Wednesday, August 20, 2014

3D models in Impress (LibreOffice 4.3)

The last LibreOffice release came with 3D model support in Impress. Now you can insert 3D models onto your slides in the open formats of glTF, COLLADA and KMZ. To do that go to Insert->Object->3D Model... in the menu hierarchy and after you selected a file you can see the model on your slide:

Impress with a duck model on the slide
Duck 3D model

Animated models

The inserted 3D models also can define some animations. In this case after insertion you can control the animation using the media toolbar's play/pause/stop buttons. During implementation we lean on the existing movie player feature, that's why 3D animations behave the same as movies. This similarity also exists inside the slideshow which means animations are also started as soon as the actual slide appears and the same custom animations are available to trigger play/pause/stop events.

Impress with a monster on the slide
Animated monster model

 

Hidden features of the model viewer window

This 3D model feature was implemented a bit late in the releasing process that can explain why some features of the viewer window does not appear noticeable on the UI. Hopefully the situation will be better on the next release, but until then let's see what are these features are.
First you should know that the viewer window is active only when the 3D model is "played" (push play button on the media toolbar or start the slideshow), even if the model actually doesn't have any animation to play. While the 3D model object is in stopped state, only a screen shot of the scene is displayed, which makes resizing and positioning easier in edit mode.

Changing camera position

So when the viewer window is active we can change the camera position to have a look at the model from different points of view. By default we are in walkthrough mode where we can handle the camera from a first-person perspective. We can move forward ('W'), backward ('S'), left ('A') and right ('D') using the keyboard and we can turn by click and drag.
You can see some pictures bellow about the walkthrough mode. However you can enter into the maze, but inside the maze navigation becomes hard. The perfect would be if we could walk in the maze like packman does but camera handling still needs some improvements.

Packman maze default view
Closer to the maze
Inside the maze
 
Next to the walkthrough mode there is an other one called orbit mode. Use 'M' key to switch between the two modes. In orbit mode the camera is moved on an orbit around the model, always looking at the model. Using the keyboard we can move the camera on this orbit northward ('W'), southward ('S'), westward ('A') and eastward ('D'), and we also can change the distance between the orbit and the center of the model ('E' and 'Q' keys). Click and drag event also moves the camera on this orbit, but from the user points of view this looks rather like the model is rotated around it's center.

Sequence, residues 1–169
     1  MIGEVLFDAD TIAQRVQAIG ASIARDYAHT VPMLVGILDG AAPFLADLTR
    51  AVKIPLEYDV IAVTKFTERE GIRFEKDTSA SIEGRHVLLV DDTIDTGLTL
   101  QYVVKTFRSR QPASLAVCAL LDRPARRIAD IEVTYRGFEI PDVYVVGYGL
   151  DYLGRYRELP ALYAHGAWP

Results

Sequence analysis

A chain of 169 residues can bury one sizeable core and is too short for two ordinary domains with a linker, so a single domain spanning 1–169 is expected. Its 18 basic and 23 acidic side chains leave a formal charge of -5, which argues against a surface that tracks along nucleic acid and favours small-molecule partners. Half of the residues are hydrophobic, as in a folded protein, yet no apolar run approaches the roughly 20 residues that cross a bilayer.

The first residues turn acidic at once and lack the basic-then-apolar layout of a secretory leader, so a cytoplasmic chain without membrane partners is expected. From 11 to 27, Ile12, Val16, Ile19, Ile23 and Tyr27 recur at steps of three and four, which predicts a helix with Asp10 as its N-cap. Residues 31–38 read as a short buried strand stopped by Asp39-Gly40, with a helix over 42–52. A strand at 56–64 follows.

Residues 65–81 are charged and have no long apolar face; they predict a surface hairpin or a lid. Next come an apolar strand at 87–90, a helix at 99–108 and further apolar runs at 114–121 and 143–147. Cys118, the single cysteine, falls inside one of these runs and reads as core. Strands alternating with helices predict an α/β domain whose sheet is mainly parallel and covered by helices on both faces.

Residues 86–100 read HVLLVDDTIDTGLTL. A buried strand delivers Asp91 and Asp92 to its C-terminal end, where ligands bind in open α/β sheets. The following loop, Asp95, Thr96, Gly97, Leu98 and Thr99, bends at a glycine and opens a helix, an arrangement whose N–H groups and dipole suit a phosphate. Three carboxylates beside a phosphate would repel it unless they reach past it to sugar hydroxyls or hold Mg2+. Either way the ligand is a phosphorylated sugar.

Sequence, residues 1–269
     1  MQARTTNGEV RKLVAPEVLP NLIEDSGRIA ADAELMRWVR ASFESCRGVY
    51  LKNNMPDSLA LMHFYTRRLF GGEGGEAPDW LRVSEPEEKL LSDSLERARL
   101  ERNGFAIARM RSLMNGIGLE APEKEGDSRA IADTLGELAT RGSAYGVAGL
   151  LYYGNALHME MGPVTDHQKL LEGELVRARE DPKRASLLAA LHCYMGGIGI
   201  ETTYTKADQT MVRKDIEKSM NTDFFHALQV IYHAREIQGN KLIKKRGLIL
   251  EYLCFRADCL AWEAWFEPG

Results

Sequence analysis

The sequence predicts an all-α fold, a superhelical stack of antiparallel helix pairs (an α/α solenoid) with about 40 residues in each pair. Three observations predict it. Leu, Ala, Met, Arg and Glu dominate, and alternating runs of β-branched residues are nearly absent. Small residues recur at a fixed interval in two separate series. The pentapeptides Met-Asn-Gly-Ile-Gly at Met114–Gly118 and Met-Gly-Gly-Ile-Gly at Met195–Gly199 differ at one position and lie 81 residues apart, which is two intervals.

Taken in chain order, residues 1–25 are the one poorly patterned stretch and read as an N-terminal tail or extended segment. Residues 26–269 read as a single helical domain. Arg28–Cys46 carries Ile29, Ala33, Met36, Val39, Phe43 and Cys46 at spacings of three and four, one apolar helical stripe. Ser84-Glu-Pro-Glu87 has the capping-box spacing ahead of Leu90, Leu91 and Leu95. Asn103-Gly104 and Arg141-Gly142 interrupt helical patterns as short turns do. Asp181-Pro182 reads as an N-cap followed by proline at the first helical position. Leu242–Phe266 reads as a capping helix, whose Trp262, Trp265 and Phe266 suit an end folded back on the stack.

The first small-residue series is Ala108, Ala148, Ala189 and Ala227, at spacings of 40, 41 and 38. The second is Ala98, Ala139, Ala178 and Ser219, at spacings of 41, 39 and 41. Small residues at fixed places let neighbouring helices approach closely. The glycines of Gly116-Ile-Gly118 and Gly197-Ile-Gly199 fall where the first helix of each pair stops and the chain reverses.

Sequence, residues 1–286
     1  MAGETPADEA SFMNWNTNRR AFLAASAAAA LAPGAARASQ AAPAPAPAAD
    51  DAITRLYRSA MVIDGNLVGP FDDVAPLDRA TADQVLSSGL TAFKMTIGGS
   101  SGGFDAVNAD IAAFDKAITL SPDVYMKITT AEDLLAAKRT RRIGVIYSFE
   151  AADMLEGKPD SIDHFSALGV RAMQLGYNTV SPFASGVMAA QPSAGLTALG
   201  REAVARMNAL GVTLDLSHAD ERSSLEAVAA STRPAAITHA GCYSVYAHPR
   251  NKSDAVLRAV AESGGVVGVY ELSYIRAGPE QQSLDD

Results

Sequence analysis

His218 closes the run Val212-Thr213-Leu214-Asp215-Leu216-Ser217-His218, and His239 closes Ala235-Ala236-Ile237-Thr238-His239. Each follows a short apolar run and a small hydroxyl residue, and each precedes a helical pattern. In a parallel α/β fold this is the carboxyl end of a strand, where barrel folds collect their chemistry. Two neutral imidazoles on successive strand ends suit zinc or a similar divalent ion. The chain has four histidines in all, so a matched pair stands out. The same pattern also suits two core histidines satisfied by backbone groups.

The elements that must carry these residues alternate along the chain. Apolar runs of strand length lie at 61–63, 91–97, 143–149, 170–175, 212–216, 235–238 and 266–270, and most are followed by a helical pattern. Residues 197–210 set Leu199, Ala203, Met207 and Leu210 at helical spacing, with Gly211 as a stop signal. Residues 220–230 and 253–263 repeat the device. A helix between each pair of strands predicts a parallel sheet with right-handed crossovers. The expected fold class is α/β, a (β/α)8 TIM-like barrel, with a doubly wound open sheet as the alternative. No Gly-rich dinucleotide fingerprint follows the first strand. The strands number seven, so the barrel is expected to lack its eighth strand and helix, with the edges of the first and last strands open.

On the next pictures you can see the different views after the model was rotated horizontally by mouse (in other words, camera was moved around the model horizontally):

Duck model, full face

Duck model, profile
Duck model, from behind

 

FPS rendering

We added an FPS (frame per second) rendering possibility to the viewer window, so the rendering performance can be measured easily. By default this feature is disabled. To enable it you can press 'F' key and you will see FPS number at the right-bottom corner of the viewer window.

Monster model with FPS

 

About the file formats

The main format is COLLADA, the other ones are closely related to it.
First KMZ is a zipped file format which can contain 3D models in COLLADA format. So not all KMZ files can be loaded by LibreOffice, it's assumed that the given KMZ format contains only one 3D model. The main advantage of supporting KMZ format is the huge source of free 3D models on the 3D warehouse site. On this site almost all models are available in KMZ format.
The glTF format is a really new format, actually it has only a draft specification. The main purpose of the format is the better performance. It is designed to make loading and rendering of the models faster, with using such structures which are closer to the OpenGL language. It's not an independent file format but rather a runtime form of COLLADA. So in general glTF models are generated from COLLADA files and creating/editing of the 3D models is done in COLLADA format.
Since glTF is desgined to be faster, LibreOffice stores all 3D models in this form both in runtime and in the ODP file. When a KMZ or a COLLADA file is inserted into Impress, the file is converted to glTF and rendering comes just after that.

Some limitations you should aware of

First of all it's good to know that Impress uses OpenGL 3.0 for rendering of these 3D models. If your graphic card doesn't support it then only a question mark will be displayed on the screen, but the model is there, so if you save your presentation and move it to a capable computer then it will appear.
Other limitations come from that glTF is a draft format and collada2gltf tool (used for COLLADA->glTF conversion) is also unstable. So don't surprise if some of the KMZ files downloaded from Warehouse are not rendered well.
By now this feature is available only for Windows and Linux.

Who stands behind the feature

3D model support came alive as a result of the cooperation of Collabora, AMD and MCW.
First of all AMD founded our work and was coming up with new ideas about the feature.
Secondly a developer group from MCW was working on the parser/rendering code of the glTF format. To make our cooperation with MCW more misunderstanding tolerant we set up a wall between LibreOffice code and glTF parser code with defining an API. Later, from that separation born an open source glTF rendering library called libglTF. By now libglTF is still developed closely to LibreOffice.
Last but not least we at Collabora have done the integration into LibreOffice. First Markus Mohrard was working on LibreOffice OpenGL code in general, made it better/more fresh and generalized it allowing to use the same code for all OpenGL based  features: OpenGL transitions, OpenGL charts and glTF models. Jan Holesovsky (Kendy) was the manager of the project, making plans, participating in brain storming and having great ideas. Matus Kukan helped us with integrating COLLADA related libraries into LibreOffice (for COLLADA->glTF conversion).